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A woman I long-admired was Ruth Bell Graham, late wife of Rev. Billy Graham, most recently deceased.  During their marriage, she single-handedly raised her large family while her husband traveled for months at a time preaching the gospel.  My favorite book she wrote was entitled, Prodigals and Those Who Love ThemShe shared stories of famous prodigals throughout history, but also spoke from the heart as she shared about a prodigal in her own family – her son, Franklin Graham.

William Franklin Graham III was born the fourth of five children to Rev. Billy Graham and his wife, Ruth, on July 14, 1952. The family lived in a log cabin in the Appalachian Mountains outside Asheville, North Carolina.  His famous father, who was gone on the road for months at a time, made it difficult for Franklin as he grew up. He was adventurous and liked to hunt and fish, and admittedly had an adventurous nature.

Franklin’s mischief grew into young adult rebellion. He rode motorcycles, learned how to pilot planes and lived life in the fast lane.  “I just wanted to have fun,” Graham said, describing wild times of “drinking the beer, and going out to the parties, and running around with different girlfriends.” 

“I believed in God. I just didn’t want Jesus running my life. I wanted to run my own life. … But I was miserable,” Franklin admits. As a teen, he was sent to an alternative school in New York. He was later kicked out. Smoking, drinking and defying authority soon became his norm.  “I took pride in my individuality and tried to see how far I could stretch rules before getting reprimanded,” he wrote in his autobiography, Rebel with a Cause. “Instead of getting my esteem from achieving within the system, I got my thrills and identity from challenging the system.”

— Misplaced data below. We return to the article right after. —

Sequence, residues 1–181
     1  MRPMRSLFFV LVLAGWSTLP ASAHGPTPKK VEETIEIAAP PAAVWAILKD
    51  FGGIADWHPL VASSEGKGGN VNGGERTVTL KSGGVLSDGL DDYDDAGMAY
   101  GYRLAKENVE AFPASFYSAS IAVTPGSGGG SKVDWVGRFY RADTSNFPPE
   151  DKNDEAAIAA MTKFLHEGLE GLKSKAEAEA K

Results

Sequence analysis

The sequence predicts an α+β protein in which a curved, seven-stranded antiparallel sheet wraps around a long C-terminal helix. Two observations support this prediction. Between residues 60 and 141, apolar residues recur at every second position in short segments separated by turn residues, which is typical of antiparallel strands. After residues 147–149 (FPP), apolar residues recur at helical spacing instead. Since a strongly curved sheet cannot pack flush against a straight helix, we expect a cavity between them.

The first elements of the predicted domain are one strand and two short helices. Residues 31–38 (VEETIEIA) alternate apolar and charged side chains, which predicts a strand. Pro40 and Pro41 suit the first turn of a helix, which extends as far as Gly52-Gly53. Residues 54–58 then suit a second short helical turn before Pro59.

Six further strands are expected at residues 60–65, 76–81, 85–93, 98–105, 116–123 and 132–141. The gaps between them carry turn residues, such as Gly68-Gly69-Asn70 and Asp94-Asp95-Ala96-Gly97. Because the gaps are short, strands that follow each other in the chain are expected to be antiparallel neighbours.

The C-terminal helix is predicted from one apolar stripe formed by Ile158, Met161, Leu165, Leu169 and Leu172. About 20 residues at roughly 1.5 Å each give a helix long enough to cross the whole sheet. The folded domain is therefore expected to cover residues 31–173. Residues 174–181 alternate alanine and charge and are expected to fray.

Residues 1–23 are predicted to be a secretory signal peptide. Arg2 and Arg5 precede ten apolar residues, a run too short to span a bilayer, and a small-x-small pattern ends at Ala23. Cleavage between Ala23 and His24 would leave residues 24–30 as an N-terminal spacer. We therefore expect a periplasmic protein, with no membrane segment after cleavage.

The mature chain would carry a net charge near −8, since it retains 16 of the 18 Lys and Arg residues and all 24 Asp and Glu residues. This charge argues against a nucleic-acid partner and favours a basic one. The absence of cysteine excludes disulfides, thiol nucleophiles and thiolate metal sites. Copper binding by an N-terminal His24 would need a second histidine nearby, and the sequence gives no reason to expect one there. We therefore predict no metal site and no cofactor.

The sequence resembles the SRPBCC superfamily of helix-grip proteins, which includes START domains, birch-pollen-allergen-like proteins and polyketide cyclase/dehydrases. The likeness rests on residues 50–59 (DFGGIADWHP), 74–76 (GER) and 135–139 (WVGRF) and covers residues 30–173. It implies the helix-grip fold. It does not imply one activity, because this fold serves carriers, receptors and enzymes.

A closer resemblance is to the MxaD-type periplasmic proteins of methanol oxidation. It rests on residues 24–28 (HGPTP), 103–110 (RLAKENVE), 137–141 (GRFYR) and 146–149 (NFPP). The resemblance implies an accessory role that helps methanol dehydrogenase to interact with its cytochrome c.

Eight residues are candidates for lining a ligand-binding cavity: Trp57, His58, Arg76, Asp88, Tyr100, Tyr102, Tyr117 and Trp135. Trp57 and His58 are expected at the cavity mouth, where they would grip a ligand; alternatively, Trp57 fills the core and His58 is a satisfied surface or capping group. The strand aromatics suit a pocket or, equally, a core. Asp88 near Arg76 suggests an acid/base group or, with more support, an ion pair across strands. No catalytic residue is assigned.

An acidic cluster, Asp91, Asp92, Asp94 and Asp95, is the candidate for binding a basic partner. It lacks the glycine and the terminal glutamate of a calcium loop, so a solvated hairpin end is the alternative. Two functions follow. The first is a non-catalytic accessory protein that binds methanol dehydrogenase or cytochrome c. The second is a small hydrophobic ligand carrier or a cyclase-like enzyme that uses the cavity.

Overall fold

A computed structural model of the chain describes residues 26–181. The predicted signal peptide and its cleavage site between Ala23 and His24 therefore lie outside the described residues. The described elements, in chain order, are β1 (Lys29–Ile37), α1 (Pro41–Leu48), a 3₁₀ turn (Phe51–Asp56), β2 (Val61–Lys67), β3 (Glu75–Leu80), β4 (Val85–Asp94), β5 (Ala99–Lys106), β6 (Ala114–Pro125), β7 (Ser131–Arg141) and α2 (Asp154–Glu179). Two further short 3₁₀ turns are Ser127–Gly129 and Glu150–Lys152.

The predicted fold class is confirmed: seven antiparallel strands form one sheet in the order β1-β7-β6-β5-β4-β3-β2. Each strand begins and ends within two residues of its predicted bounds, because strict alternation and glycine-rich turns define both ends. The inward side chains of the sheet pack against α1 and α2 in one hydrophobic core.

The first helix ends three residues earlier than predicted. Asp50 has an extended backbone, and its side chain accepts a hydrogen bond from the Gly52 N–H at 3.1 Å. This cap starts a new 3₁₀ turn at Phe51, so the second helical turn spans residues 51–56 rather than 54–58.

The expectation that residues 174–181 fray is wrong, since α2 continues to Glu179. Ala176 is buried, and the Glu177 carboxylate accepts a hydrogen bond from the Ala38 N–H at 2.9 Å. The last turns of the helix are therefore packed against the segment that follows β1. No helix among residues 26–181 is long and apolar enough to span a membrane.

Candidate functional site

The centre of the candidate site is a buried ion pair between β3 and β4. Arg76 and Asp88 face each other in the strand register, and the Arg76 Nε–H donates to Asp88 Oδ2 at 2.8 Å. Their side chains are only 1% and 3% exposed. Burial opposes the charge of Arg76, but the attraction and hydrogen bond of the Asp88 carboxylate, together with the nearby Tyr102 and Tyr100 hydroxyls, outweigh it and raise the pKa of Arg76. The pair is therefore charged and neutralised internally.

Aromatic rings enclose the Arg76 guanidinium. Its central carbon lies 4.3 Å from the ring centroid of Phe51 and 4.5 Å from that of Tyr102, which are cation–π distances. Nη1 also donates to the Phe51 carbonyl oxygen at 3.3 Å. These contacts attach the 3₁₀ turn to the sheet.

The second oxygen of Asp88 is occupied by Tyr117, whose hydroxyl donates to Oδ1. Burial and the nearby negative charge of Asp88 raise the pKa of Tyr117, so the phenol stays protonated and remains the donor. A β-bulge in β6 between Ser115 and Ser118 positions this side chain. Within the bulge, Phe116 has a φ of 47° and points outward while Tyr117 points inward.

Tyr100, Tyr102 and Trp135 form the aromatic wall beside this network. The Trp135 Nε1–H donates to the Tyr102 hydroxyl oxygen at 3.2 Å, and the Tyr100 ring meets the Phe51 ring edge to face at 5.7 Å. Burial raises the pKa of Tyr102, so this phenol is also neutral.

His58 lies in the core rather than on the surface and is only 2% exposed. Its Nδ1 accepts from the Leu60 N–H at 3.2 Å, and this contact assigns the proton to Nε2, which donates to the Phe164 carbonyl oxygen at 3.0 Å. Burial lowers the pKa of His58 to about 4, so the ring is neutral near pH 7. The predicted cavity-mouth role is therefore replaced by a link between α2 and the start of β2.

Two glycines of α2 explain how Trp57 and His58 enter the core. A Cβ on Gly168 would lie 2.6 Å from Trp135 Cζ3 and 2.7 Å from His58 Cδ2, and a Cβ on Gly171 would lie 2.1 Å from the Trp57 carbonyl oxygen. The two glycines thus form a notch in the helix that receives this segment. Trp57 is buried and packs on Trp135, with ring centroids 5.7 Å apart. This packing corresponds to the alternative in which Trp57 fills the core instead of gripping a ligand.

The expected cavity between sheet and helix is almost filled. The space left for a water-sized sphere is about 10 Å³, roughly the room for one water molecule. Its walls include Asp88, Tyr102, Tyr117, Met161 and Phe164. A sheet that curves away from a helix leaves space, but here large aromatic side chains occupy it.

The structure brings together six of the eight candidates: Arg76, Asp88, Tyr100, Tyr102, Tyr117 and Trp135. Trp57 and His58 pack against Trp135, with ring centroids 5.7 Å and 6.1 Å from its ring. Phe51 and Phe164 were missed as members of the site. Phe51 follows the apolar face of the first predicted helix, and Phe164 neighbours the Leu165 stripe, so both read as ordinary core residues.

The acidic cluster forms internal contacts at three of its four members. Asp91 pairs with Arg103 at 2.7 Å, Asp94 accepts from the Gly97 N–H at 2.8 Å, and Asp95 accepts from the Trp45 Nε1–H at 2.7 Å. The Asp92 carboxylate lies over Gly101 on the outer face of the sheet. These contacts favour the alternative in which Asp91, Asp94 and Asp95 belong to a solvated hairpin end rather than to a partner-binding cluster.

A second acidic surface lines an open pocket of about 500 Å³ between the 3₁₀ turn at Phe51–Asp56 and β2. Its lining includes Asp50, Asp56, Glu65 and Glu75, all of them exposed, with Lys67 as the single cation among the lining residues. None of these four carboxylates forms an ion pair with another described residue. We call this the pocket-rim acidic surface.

But living by his own standards proved to be unfulfilling.  “The more I tried to fill my life with things I thought would make me happy, the more empty I felt inside,” Franklin said during a crusade in Thailand in November 2013.

At age 22, Franklin got tired of running away from God and began running to God when he gave his life to Christ.  “Suddenly, I had an overpowering conviction that I needed to get my life right with God … I was sick and tired of being sick and tired. My years of running and rebellion had ended. … It was finished. The rebel had found the cause.”

Boy, did he ever!  Today Franklin Graham leads the Billy Graham Evangelistic Association and Samaritan’s Purse International.  That’s the good news about being a prodigal … any prodigal … the Father is always waiting to welcome you home.

I’ve known quite a few prodigals in my lifetime – chief among them is me.  Can you relate?

 

Luke 15:23-24        “Bring the fattened calf and kill it. Let’s have a feast and celebrate.  For this son of mine was dead and is alive again; he was lost and is found.”

Tagged: coming home to Father, faith in Christ, prodigal daughter, prodigal son, rebellious spirit

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